In 2008 Clayton Christensen and Michael Horn made a provocative prediction: in 2019 half of the courses of secondary education in the United States would be virtual. The book Disrupting Class was a controversial revelation. He announced that this process was inevitable, that it was based on the mathematical monitoring of the evolution of online education and that nothing could stop it.

A few days ago the sequel to that book was published. It is titled Blended: Using Disruptive Innovation to Improve Schools . Its authors are Michael Horn and Heather Staker. Perhaps it is the book of the year for educational innovation, at least in the weight it will have in the discussions.

Horn, the co-author of both books, indicates in 2014 that his 2008 prediction not only remains accurate, but perhaps even a bit conservative. His prediction is that schools in the United States are reaching their tipping point, based on three urgent needs for change: the desire to personalize learning, the desire to expand access to education and the desire to lower the costs of schooling.

The three paths lead to Blended (Hybrid): an educational system that will have a face and a virtual part, where students will control the time, place and pace of learning.

The authors emphasize that they do not trust completely virtual models: they do not work in practice and are surpassed by hybrid models.

The book deals with classifying hybrid models and finding concrete examples for each of them, because that label means very different things.

The Rotary Model has several types of format: station rotation, laboratory-based rotation, inverted class and individual rotation. Basically it is about students who do part of their work online, rotating in time with those activities they do with a teacher. For example, students go for a period of time to a laboratory with computers and work there online with videos and applications, with a tutor who facilitates activities. Or they see videos in their homes indicated by their teachers as homework for the next class.

This model is not disruptive. But a specific type of Rotary Model itself is disruptive. It is about individual rotation . For example, the Carpe Diem school in Arizona has a large classroom with computers. There the students rotate every 35 minutes of stations that go from online learning to individual rhythm to stations with specialized software and finally to team work stations. Each student has a road map that looks completely different from traditional groupings. You can see a video here of the experience.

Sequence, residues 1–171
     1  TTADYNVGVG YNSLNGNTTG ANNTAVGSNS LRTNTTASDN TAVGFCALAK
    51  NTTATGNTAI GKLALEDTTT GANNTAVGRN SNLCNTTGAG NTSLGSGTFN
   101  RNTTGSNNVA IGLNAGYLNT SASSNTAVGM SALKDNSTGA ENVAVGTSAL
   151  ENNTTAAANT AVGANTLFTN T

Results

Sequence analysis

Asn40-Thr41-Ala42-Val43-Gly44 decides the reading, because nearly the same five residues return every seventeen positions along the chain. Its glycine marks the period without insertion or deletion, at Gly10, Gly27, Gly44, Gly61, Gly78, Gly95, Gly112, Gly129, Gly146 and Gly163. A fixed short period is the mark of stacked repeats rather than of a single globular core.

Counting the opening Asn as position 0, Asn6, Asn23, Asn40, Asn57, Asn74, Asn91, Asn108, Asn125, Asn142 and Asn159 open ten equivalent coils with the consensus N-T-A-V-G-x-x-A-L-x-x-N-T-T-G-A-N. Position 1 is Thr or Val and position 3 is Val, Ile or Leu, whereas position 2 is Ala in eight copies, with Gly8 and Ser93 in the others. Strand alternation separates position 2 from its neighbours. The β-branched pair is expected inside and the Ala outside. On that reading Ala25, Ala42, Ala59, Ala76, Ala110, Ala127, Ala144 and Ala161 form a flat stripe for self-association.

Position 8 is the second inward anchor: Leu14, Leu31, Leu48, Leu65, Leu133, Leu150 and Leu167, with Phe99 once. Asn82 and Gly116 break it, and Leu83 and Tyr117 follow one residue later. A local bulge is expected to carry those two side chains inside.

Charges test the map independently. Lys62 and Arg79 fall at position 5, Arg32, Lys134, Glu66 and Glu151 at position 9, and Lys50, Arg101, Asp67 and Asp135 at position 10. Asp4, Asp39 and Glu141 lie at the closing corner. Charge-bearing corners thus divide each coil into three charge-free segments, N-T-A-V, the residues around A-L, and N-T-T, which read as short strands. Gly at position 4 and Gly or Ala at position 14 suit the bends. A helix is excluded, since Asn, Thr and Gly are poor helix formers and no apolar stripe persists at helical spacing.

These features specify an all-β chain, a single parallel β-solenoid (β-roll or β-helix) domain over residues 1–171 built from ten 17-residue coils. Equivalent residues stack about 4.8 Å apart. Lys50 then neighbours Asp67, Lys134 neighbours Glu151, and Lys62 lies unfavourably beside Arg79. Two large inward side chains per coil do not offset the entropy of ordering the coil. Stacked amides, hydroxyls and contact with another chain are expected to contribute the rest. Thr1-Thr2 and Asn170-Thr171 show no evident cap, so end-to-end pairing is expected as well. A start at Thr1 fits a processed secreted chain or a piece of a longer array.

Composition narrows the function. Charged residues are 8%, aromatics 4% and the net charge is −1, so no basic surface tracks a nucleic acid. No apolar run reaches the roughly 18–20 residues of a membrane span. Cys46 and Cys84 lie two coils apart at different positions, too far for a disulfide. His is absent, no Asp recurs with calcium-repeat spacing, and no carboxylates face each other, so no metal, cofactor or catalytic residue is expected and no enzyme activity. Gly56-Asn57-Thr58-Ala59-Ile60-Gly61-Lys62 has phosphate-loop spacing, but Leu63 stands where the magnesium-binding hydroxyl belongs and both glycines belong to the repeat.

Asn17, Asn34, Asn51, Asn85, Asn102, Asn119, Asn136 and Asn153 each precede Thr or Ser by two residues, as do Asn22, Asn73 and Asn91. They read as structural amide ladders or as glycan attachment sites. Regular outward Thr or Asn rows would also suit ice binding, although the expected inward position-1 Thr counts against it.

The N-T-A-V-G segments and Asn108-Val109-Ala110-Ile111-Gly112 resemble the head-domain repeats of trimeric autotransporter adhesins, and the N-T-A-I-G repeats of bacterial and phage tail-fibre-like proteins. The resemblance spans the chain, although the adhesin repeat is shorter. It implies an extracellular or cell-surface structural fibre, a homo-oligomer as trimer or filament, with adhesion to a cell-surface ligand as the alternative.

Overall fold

The Flexible Model continues in the description of the authors. In this case the backbone of learning is in physical schools, but online. In other words, learning is fundamentally based on individual or group interactions with digital environments. A video of the San Francisco Flex Academy can be seen here.

The “A la carte” model offers complete online courses. In other words, there may be courses taken in physical schools and courses that are accredited without attending school. In the United States, this model is expanding rapidly. Six states already had in their legislation in 2014 the obligation that all students who want to graduate had to do at least one online course, to massively incentivize this format.

Finally, the “Virtual Enriched” Model , in which students take online courses directly but have the obligation to carry out face-to-face learning sessions with a teacher every week. This model arose as a consequence of the failure of pure online models, which began to open face-to-face sessions with teachers. You can see a video here of Henry County Schools .

As seen in the graph of the initial photo, these models can be a continuity of traditional education with virtual elements or a deep disruption. The authors point out that if when visiting a learning room one does not find where the center of the class is then it is likely that he is visiting a disruptive environment.

The rest of the book is a guide to generate hybrid disruptive models of schools. A free sample can be seen in the MOOC that the authors put together with the contents of the book, which is posted on the Khan Academy .